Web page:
By Kieran Mulvaney
Adrien Broner lost a title and then won a fight. He also won the opportunity to keep moving on to bigger and better things; though the way he did so won't sit easily with all of his fans. But at the end of the day, his record will show he became the first man to stop Vicente Escobedo, and the controversy that surrounded this fight will fade away, leaving only another victory on Broner's unblemished record.
The drama began on Friday, when Broner tipped the scale at 133.5 pounds, three and a half pounds above the contracted 130-pound-division limit. That meant immediate forfeiture of his title belt, and the situation incited fury from Escobedo's team. That afternoon, overnight and through much of Saturday, they insisted the weight difference was too great and that they would bolt. Not until a few hours before HBO's Boxing After Dark was scheduled to air was an agreement finally reached and the fight officially given the go-ahead by both sides.
When the bout began, the size difference was soon apparent: Broner solid and muscular, Escobedo relatively wiry. Evident too, however, was a gulf in skill and class. Escobedo, a credible contender, was simply no match for Broner's speed or his repertoire of moves.
After a relatively quiet opening frame, Broner began to target Escobedo's body in the second round. A brief flurry was mostly blocked but prompted Broner's hometown Cincinnati crowd to erupt in roars. In the third, Broner maintained his body attack then switched to uppercuts that thudded off his opponent's jaw.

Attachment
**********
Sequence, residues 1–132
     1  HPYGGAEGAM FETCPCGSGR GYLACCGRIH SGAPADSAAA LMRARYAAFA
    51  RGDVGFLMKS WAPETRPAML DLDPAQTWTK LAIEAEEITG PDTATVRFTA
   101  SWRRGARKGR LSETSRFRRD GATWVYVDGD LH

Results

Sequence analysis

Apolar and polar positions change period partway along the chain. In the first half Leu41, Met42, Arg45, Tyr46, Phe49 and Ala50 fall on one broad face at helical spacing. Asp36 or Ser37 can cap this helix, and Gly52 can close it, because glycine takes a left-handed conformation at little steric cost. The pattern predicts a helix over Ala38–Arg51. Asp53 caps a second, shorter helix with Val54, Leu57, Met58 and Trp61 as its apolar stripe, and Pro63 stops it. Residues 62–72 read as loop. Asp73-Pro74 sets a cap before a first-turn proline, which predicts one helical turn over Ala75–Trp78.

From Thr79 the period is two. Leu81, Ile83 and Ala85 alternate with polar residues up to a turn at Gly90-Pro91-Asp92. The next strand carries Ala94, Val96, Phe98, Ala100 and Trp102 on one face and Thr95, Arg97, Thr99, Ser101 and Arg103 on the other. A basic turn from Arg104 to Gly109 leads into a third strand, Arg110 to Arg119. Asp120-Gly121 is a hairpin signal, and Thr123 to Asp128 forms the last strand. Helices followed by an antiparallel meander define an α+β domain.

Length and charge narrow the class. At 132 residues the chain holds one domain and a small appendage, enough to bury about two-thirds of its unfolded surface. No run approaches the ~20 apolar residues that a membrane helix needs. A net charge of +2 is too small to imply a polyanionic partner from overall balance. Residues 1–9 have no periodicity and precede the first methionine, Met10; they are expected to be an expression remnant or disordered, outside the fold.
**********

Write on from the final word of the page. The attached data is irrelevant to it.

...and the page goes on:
In the fourth, Escobedo appeared to be showing the first signs of wilting, and when he returned to his corner, he was bleeding from his nose.
Broner, constantly changing his attack, opened up the fifth by landing a succession of blistering overhand rights behind a short left jab. He backed Escobedo into a corner and dug to his body. A left hook knocked Escobedo backward and the end was now clearly in sight. Broner erupted, unleashing his full arsenal in search of a stoppage, which came when trainer Joel Diaz had seen enough and stepped onto the ring apron to wave the towel.
"I had to keep to my decision to fight," said Escobedo. "He definitely felt stronger. I felt his power. He's fast, and hard to hit. I was trying to work the body, but he was too quick. I did my job; I came here on weight like a professional and he didn't. That's the past, and he was the better man tonight."
"I grew out of my weight class," said Broner, who had previously announced his intention to move up in weight. "I'm young and still growing. I'm going up now to lightweight, and we'll take on anyone. Vicente is a world-class fighter; I can't take anything away from him. But he never hit me with anything significant. I make everything look easy. I go in there and do what Adrien Broner does: I win."